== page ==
Potato, Leek & White Pepper Potstickers

As Lunar New Year approaches, I wanted to share another favorite dumpling recipe with you – Potato, Leek & White Pepper Potstickers. They are inspired by a Tibetan Potato Momo recipe in Hetty McKinnon’s To Asia, with Love Cookbook. The soft filling is reminiscent of pierogis, but the ginger and white pepper are distinctively East Asian instead of Eastern European. Hetty steams hers as Tibetan momos, but we like to turn them into potstickers which gives a pleasing crunchy contrast to the soft interior. (I also omit her cilantro as I’m a cilantro-phobe.) They are best served with a spicy dipping sauce, like a chili-oil-based sauce, or garlic achaar. I plan on making them again this weekend for Lunar New Year. Can’t wait.

At the end of the recipe, I include my technique for using cornstarch to create a lacy frill around your potstickers. It’s a fun trick to have up your sleeve, especially for company.

potato, leek & white pepper Potstickers

1-pound (450 g) potatoes, peeled and cubed

olive oil

1-inch (2.5 cm) piece of ginger, peeled and finely chopped

2 garlic cloves, finely chopped

1 leek, white and light green parts only, finely chopped

dumpling wrappers or homemade dumpling dough

1 teaspoon cornstarch

method

Bring a large saucepan of salted water to a boil, add the potatoes and cook until completely soft. Drain and set aside to dry out for 3-5 minutes, then mash the potato.

In a large frying pan over medium heat, add a drizzle of oil, along with the ginger, garlic and leek, and season with sea salt and white pepper. Sauté, stirring constantly to prevent burning, for 3-4 minutes until the leek is translucent. Remove from the heat and stir in the mashed potato. Taste and season with sea salt and white pepper. Now your filling is ready.

If using store-bought wrappers, you will need to wet the edges to get them to stick. If you are using homemade dough, it will be soft enough to crimp without wetting the edges. Fill the wrappers with 1-2 tablespoons of filling then pleat the edges to make a crescent shape. Or use your own favorite dumpling-folding method.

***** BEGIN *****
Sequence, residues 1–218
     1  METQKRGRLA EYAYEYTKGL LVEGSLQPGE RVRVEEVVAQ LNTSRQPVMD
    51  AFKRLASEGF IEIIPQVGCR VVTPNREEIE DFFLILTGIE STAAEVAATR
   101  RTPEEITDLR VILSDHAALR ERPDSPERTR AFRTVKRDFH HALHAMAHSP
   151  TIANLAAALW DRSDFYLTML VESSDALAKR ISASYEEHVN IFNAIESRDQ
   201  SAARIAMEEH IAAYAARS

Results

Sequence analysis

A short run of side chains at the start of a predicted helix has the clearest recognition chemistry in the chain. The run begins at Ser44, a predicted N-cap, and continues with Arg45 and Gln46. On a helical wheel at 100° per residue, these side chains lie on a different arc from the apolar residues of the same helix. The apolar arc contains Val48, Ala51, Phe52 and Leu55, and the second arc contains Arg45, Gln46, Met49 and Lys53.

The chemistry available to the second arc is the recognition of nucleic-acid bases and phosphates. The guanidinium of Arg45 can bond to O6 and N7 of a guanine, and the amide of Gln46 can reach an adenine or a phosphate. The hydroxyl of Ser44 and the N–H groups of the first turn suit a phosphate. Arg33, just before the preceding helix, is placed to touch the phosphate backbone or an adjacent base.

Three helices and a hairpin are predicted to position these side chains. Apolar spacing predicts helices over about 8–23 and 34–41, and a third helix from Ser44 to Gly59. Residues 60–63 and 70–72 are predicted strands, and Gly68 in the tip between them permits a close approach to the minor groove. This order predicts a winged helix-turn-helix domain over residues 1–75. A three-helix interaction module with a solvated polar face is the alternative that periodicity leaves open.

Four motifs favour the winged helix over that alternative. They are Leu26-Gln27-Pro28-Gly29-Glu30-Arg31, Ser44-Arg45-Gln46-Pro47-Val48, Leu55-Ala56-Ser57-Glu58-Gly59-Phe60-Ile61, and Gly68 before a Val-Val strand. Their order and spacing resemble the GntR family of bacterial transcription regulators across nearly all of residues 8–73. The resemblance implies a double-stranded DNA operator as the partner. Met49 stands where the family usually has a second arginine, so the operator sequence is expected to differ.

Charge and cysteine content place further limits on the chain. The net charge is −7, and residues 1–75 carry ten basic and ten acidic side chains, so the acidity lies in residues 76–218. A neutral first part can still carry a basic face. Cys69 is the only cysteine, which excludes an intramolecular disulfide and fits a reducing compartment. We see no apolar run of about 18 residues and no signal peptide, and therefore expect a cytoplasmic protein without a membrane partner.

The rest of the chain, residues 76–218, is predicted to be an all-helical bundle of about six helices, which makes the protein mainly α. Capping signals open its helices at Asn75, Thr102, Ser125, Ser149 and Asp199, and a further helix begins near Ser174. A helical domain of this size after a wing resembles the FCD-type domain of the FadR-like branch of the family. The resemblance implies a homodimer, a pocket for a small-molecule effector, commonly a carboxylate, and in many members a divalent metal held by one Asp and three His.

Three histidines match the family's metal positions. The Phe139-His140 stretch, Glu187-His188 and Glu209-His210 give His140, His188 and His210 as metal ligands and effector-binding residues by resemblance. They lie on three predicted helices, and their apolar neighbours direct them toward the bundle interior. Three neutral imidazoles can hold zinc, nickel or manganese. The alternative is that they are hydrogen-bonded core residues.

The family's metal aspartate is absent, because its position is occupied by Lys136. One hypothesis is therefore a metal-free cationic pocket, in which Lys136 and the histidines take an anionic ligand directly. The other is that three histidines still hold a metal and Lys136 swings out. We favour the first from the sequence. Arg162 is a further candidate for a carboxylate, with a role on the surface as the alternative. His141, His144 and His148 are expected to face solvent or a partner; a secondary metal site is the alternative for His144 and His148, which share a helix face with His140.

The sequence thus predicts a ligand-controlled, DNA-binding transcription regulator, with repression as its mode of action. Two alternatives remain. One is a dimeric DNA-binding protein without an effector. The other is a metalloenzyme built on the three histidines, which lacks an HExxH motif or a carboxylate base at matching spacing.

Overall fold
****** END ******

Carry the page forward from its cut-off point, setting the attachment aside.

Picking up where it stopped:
To make potstickers, heat a nonstick skillet over medium heat with just a teaspoon of oil. Make sure your skillet has a tight-fitting lid. When the skillet is hot, arrange the dumplings in a chrysanthemum pattern in the skillet, starting in the center with a starburst shape, and adding dumplings close together as you create a tight-fitting flower. Fry until the bottoms are golden brown. You will need to lift one dumping up to check the color underneath.

In a small bowl, combine 1 teaspoon of cornstarch with 1/3 cup cold water. Quickly pour the cornstarch water over the dumplings, cover with a lid, and lower the heat to low. When the water has evaporated, the dumplings are finished. Listen, and you will hear the sounds in the skillet change when the last drops have evaporated. Remove the lid. Turn off the eat. Place a dinner place face down over the dumplings in a skillet, and then with one hand on the back of the plate, and with speed and coordination, flip the skillet upside down so the dumplings appear on the plate. If cooked in the chrysanthemum pattern, they will look lovely with a lacy frill from the cornstarch.

Serve with a spicy dipping sauce like chili oil or garlic achaar.

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Vegetarian Shaomai – Two Jade Bowls

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